Balance as Per Bank | Push Digits Chartered Accountants

Balance as Per Bank

 

Balance as Per Bank

Balance as per bank refers to the end of period balance shown on a bank statement as a result of the transactions made by the company using the banking channel. Payments made to suppliers using the banking channel as well as other debits reduce the balance in the bank account while amounts received from customers through the banking channel along with other credits increase the balance in the bank account.  Typically, it is the closing balance appearing on the bank statement for a specific month or period.

For example, when a chequing account statement is sent by the bank showing August’s activity, the balance shown on 31 August is the balance per bank. Generally, this balance does not agree with the balance appearing in the company’s books as some of the cheques issued by the company as well as the cheques issued to the company by its customers may not be cleared by the bank on August 31 and therefore it is necessary to reconcile the balance per bank with the balance per books as they are seldom the same at any given time.

An entity should match its balance as per bank statement with balance as per passbook at the end of each accounting period. In case of difference, it should prepare a reconciliation that identifies and highlights the reason causing the difference between the two balances.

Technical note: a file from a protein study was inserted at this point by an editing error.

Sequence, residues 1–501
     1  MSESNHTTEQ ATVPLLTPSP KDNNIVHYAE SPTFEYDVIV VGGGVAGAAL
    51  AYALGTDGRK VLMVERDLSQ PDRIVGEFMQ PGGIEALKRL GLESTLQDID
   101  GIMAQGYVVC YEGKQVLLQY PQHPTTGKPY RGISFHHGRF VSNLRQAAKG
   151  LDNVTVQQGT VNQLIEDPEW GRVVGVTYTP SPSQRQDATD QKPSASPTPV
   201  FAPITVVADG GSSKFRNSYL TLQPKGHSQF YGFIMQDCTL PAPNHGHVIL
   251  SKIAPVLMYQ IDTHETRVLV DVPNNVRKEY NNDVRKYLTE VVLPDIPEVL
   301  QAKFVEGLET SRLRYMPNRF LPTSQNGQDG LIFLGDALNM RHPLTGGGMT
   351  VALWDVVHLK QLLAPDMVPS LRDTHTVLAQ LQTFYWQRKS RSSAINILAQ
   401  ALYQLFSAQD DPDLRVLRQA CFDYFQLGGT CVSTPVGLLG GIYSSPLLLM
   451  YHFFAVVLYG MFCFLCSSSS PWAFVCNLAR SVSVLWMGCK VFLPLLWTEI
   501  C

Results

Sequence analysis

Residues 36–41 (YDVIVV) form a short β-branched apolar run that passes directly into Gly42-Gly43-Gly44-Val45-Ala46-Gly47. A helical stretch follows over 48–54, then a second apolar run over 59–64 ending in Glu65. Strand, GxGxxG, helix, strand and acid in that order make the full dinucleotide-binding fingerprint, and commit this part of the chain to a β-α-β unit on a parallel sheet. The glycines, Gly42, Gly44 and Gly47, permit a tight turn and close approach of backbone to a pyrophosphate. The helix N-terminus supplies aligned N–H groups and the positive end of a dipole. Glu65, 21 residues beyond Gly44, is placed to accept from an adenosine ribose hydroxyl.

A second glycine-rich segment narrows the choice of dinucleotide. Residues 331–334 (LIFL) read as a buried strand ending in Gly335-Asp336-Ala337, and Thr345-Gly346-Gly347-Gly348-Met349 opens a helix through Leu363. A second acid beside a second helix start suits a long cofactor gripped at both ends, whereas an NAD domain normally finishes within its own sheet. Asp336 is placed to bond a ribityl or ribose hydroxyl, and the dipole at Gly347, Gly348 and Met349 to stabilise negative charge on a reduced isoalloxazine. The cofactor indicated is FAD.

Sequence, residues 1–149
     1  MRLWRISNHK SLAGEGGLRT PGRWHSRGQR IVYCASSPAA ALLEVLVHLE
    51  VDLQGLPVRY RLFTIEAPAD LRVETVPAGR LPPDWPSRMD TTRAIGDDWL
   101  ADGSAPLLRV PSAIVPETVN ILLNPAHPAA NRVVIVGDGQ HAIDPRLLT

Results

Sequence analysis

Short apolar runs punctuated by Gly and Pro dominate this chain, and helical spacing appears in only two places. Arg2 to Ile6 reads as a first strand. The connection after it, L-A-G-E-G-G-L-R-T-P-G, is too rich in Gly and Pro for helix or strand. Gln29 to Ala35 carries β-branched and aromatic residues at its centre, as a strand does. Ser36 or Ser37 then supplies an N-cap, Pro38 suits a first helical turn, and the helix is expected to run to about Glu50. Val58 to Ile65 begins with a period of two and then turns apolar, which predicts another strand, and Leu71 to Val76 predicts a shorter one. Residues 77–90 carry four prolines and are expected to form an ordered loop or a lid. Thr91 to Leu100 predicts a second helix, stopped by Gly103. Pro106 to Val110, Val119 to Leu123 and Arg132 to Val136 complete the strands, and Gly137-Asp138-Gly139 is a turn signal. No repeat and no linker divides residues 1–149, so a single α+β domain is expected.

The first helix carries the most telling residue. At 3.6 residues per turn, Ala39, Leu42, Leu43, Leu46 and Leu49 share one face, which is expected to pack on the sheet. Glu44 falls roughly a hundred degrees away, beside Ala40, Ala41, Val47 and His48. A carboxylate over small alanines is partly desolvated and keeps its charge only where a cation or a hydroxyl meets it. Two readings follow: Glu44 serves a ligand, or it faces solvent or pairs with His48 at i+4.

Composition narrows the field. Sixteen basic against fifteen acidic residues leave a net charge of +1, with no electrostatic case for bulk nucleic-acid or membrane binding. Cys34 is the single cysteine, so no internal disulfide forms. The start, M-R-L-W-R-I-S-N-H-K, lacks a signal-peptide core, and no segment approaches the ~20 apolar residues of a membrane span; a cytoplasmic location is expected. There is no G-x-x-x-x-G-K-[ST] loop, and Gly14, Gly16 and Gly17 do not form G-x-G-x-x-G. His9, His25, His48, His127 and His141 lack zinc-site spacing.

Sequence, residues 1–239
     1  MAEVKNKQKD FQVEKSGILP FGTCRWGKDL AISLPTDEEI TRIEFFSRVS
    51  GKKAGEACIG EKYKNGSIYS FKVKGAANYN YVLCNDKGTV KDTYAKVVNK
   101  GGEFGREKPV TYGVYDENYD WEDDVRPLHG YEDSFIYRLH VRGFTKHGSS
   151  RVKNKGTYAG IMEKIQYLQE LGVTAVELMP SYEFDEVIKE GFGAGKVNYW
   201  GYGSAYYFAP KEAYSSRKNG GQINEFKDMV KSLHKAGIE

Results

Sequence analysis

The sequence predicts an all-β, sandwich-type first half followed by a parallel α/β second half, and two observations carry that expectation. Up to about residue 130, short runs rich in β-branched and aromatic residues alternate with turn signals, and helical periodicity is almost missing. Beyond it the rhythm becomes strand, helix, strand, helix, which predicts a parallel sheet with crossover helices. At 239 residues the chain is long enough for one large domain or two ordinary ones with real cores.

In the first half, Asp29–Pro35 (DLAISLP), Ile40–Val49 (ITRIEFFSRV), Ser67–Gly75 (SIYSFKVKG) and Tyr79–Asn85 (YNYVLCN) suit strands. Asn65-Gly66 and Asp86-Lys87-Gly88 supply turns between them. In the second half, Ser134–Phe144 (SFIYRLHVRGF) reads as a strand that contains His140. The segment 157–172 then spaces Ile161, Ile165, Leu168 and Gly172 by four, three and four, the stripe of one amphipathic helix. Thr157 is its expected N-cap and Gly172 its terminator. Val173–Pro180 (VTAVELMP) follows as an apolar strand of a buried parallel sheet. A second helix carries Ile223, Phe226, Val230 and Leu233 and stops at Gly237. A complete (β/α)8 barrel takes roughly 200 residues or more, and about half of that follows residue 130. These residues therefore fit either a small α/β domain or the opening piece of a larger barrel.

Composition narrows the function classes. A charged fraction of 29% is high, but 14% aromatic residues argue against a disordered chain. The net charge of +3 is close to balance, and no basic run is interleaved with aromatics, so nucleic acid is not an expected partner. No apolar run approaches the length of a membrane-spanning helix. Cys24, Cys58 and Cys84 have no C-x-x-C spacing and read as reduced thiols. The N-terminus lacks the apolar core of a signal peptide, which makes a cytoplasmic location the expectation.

Following are the entries which may cause a difference between an entity’s balance as per bank and balance as per cashbook:

  • Charges the bank deducts from its customers’ account balances for providing services, for example, issuance of the cheque book, providing overdraft facility, etc. These charges may have been notified by the bank before the month end but the notification may have been received by the account holder after the month end.
  • Uncleared cheques, which are returned unpaid, can also be a cause of the difference between the two balances as the customer may get the notification later.
  • When the bank receives a direct deposit on behalf of a customer, then that customer may not know that an amount has been credited to its account which can also be a reason for the difference in both balances.
  • Sometimes the customers give authority to their banks to make due payments on their behalf. The customer may not record the said payments in its books resulting in a difference between the balance as per bank and balance as per books.
  • Cheques that have been issued by the account holder to his suppliers that are yet to be presented before the bank for payment.
  • Cheques deposited, especially on the last day of the month that may not be credited by the bank until they are collected from drawee banks.

 

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